AdvocateKhoj
Login : Advocate | Client
Home Post Your Case My Account Law College Law Library
    

Report No. 41

26.11. Pronouncement of judgment by successor.-

We note that there is no provision in the Code as to pronouncement of a judgment written by a predecessor. We considered the question whether any provision on the subject should be inserted. In our view, it is not proper that in criminal cases, a judge should pronounce a judgment written by his predecessor. He can, no doubt, make use of the material contained in the (draft) judgment prepared by his predecessor. But in that case he is himself responsible for the contents of the judgment.

26.12. Section 367(6).-

Section 367(6) provides that for the purposes of this section, an order under section 118 or section 123(3) shall be deemed to be a judgment. Its main object seems to be to ensure that, in any such order reasons are given separately for the order as to each person proceeded against. It is, in our view, sufficient to provides in section 118 itself that reasons should be recorded for an order under that section. No such provision is necessary for orders under section 123. These orders are passed by Sessions Judges, who may be expected to give reasons without a statutory provision.

26.13. Revision of section 367 recommended.-

Revised on the lines suggested above, section 367 will read as follows.-

"367. Language and contents of judgment.- (1) Except as otherwise expressly provided by this Code, every such judgmen.-

(a) shall be written in the language of the Court or in English;

(b) shall contain the point or points for determination, the decision thereon and the reasons for the decision;

(c) shall specify the offence (if any) of which, and the section of the Indian Penal Code or other law under which, the accused is convicted and the punishment to which he is sentenced; and

(d) if it be a judgment of acquittal, shall state the offence of which the accused is acquitted and direct that he be set at liberty.

(2) When the conviction is under the Indian Penal Code and it is doubtful under which of two sections, or under which of two parts of the same section, of that Code the offence falls, the Court shall distinctly express the same, and pass judgment in the alternative.

(3) When the conviction is for an offence punishable with death or in the alternative with imprisonment for life or imprisonment for a term of years, the judgment shall state the reasons for the sentence awarded.

26.14. Section 368.- No changes are needed in section 368.

26.15. Section 36.-applicability to High Courts.-

Section 369, as enacted in 1898, provided that "no Court, other than a High Court, when it has signed its judgment, shall alter or review the same, except as provided in sections 395 and 484 or to correct a clerical error." Despite the express exclusion of the High Courts from the operation of this provision, they held1 that they had no implied power to alter or review their own judgments whether under section 369 or under section 439 or otherwise.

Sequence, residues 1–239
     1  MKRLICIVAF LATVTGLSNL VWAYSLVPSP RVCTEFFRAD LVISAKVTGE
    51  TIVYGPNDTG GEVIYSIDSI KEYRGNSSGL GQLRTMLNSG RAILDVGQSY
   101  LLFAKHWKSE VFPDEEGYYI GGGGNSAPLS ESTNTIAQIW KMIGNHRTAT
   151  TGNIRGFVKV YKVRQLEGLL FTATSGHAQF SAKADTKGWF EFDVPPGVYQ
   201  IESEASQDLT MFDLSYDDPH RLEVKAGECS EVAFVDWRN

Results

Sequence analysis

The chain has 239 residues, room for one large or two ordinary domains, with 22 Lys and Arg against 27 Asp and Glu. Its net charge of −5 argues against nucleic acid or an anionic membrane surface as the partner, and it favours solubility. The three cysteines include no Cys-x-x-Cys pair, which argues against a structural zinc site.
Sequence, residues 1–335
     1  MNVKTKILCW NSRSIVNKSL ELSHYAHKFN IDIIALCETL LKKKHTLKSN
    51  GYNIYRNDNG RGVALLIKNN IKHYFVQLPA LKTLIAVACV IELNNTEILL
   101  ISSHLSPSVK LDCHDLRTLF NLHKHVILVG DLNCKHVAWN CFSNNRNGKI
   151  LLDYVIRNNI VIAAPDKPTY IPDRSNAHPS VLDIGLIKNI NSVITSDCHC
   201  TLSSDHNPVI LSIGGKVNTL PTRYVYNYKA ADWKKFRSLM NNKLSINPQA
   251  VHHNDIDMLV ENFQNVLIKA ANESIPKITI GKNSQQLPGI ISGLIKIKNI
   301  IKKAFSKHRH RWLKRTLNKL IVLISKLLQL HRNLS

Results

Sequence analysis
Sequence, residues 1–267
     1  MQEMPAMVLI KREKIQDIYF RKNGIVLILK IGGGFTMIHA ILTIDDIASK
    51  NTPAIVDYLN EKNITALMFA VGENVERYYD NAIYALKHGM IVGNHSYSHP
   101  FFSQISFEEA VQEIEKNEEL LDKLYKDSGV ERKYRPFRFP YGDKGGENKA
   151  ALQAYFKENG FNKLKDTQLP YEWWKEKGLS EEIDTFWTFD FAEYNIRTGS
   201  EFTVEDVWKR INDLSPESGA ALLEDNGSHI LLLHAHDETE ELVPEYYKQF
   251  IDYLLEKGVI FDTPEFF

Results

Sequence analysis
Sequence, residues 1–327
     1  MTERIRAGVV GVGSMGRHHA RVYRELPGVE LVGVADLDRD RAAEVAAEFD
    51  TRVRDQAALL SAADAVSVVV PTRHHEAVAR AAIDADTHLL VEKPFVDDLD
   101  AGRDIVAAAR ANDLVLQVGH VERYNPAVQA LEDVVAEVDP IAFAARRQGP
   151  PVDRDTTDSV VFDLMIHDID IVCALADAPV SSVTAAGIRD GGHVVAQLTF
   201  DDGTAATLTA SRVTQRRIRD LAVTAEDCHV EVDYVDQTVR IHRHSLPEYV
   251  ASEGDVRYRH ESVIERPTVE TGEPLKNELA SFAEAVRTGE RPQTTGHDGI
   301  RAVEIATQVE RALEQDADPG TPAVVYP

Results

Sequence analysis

It was accordingly proposed in 1921 that the words "other than a High Court" should be omitted to make it clear that section 369 conferred no such power on the High Courts. The Joint Committee which examined the Bill noticed that one or two other sections in the Code, besides sections 395 and 484, and clause 26 of the Letters Patent of the High Courts, empowered the High Courts to revise their judgments. They accordingly r.-drafted the amendment to read as follows.-

"In section 369 of the said Code, for the words 'No Court other than a High Court', the words 'Save as otherwise provided by this Code or by any other law for the time being in force or, in the case of a High Court established by Royal Charter, by the Letters Patent of such High Court, no Court' shall be substituted; and the words and figures 'as provided in sections 395 and 484' shall be omitted."

Subsequent adaptation in 1950 and formal amendment in 1955 have given the section its present form.

1. Queen Empress v. Durga Charan, 1885 ILR 7 All 672; Queen Empress v. C.P. Fox, 1885 ILR 10 Bom 176 (FB); Gibbons (in the matter of), 1886 ILR 14 Cal 42 (FB).

26.16. Amendment recommended.-

It is, however, clear that the Letters Patent or other instrument constituting a High Court are also laws for the time being in force and accordingly the words "or in the case of a High Court established by the Letters Patent or other instrument constituting such High Court" are redundant and somewhat confusing. In fact, the reference to Letters Patent of the older High Courts is practically obsolete after the insertion of section 411A in the Code. We, therefore, recommend that the words cited above should be omitted from the section.

26.17. High Court's power of review.-